Remembrance Day is almost over, but the sentiment it is meant to express lives within my heart every day. It’s a day to remember those that have fought for our freedom. Those whose blood and sometimes very sanity have been shed in a quest to keep their family, friends, neighbours and even strangers safe; from those that would oppress. From those that would annihilate others that are different then themselves. I was grateful to those that served before I became a mother, I was taught how my freedom had been garnered through the brave sacrifice of others. I loved history as a teen, I found reading it at times appalling (some of the horrifying actions done in the names of advancement, religion, and so many other excuses that were used to justify atrocities) and at other times it was heart-warming, and inspirational. I learnt at a young age that no soldier chooses for the wars to start. But they do choose to be the virtuous, honourable men and women that fight, and defend, and stand strong in the face of atrocities so vile the majority of us couldn’t even handle one day of, never mind several months or years of. They do this, they live through it all, just so we are spared those very same atrocities.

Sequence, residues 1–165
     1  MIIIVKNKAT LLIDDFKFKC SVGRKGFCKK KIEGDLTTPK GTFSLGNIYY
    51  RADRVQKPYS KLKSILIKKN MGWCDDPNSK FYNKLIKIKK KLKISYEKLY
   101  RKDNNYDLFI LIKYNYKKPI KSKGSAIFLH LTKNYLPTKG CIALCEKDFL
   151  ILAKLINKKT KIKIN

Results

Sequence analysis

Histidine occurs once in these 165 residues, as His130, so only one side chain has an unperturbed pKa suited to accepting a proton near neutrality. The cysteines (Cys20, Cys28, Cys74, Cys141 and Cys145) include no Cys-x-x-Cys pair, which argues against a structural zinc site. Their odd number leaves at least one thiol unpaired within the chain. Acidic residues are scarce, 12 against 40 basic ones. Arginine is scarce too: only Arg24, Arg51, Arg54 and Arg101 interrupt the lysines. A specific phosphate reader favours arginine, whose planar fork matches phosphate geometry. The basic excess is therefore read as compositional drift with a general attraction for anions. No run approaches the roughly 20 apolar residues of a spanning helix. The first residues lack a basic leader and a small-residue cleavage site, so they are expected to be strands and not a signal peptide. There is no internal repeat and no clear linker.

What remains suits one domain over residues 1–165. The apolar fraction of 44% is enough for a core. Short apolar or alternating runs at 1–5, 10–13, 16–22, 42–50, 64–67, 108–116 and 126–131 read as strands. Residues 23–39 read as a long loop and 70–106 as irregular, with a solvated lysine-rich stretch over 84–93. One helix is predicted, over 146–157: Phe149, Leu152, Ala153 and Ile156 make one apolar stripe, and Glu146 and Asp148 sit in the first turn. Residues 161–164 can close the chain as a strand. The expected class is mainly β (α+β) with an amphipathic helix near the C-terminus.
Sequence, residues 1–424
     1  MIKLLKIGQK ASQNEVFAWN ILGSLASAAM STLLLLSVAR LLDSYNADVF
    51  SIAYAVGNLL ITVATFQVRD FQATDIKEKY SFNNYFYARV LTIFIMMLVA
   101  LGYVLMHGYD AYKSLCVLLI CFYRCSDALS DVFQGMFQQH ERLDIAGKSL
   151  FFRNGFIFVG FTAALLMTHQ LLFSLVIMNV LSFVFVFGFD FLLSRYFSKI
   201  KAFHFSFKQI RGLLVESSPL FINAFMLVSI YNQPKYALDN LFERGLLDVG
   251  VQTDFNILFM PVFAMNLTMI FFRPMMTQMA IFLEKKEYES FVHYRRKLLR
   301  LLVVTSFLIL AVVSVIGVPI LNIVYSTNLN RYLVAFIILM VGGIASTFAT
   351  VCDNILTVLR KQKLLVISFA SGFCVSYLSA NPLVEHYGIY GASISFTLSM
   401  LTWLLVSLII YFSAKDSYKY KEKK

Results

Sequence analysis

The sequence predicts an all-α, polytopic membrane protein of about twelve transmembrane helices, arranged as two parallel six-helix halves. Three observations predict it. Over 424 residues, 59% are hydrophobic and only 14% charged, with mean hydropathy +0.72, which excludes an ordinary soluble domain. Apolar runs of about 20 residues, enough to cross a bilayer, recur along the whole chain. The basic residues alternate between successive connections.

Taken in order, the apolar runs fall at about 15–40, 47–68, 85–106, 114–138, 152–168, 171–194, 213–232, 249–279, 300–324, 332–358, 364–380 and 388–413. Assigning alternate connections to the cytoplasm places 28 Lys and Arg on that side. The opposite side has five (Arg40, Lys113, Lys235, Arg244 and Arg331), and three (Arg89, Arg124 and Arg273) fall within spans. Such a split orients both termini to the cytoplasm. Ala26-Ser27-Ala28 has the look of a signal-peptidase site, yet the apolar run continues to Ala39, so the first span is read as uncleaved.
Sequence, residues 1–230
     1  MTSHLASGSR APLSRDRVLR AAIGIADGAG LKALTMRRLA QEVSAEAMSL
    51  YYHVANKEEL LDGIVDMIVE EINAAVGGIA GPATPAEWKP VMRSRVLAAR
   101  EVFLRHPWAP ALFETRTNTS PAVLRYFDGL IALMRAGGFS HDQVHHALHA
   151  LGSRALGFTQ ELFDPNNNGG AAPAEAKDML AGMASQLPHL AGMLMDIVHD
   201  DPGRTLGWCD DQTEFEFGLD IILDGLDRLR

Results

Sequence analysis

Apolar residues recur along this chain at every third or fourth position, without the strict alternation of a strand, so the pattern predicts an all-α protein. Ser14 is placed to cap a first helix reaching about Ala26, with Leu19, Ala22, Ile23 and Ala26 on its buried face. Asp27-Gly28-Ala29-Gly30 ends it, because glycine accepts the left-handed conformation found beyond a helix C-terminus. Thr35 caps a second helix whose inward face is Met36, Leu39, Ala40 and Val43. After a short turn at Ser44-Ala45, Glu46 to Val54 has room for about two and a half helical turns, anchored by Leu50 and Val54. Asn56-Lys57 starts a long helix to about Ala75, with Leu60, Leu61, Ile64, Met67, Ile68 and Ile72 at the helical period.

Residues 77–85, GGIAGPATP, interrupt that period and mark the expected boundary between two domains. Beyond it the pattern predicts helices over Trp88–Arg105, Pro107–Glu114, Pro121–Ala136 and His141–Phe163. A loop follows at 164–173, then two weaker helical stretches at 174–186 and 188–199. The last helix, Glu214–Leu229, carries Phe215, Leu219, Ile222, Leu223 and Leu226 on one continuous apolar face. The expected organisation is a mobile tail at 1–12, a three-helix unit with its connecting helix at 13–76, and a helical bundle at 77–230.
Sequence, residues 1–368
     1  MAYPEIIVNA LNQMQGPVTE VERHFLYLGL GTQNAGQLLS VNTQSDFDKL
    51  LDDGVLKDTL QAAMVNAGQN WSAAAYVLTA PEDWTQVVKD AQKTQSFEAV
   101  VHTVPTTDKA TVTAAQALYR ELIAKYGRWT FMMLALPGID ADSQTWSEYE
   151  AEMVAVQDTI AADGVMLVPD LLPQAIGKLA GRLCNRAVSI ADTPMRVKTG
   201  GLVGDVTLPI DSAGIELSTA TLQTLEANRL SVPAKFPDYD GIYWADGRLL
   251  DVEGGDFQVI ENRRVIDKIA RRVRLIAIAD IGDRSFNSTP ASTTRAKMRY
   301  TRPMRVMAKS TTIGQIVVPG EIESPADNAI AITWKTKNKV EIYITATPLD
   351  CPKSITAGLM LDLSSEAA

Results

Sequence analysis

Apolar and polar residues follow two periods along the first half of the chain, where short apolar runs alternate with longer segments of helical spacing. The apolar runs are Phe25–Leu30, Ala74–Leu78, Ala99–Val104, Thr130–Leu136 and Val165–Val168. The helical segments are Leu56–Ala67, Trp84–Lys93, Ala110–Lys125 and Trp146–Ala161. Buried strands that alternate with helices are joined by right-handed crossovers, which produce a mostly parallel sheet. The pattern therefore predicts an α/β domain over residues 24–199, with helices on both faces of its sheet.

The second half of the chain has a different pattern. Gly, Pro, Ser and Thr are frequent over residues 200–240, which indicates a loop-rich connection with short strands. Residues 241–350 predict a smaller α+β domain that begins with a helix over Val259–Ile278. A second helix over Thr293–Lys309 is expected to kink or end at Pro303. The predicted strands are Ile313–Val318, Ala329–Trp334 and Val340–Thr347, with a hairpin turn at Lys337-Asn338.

Then I had children. One summer afternoon I watched as my eldest (then just 3yrs old) rode his tricycle on the side walk by our apartment. I watched as the sun glinted upon his hair, the warm breeze carried the scents of someone’s barbecue, mixed with rich blossoms and his laughter glittered upon the air like crystals of joy as he finally got the hang of peddling. It struck me at that moment how lucky I was that others had fought so I could experience this moment as only one can when there are no threats to the very peace and freedom that affords such a moment. Later that night I went home and looked up how to write to soldiers. I found that as long as I knew a general area (operational address) I could send letters any time of year and that a Canadian soldier that does not receive mail would be given the letter. I have sent letters since then, and until every single member of our Armed Forces is home I will continue.
I still send letters throughout the year, because I don’t just remember when the red poppies start to appear. I remember every day I am blessed with the freedom to raise my children the way I see fit. I remember every day that I can walk down the street without fear of enemy forces invading our land, and the ensuing horrors that would be wrought. I remember every single day. As we all should. No, as we all NEED to.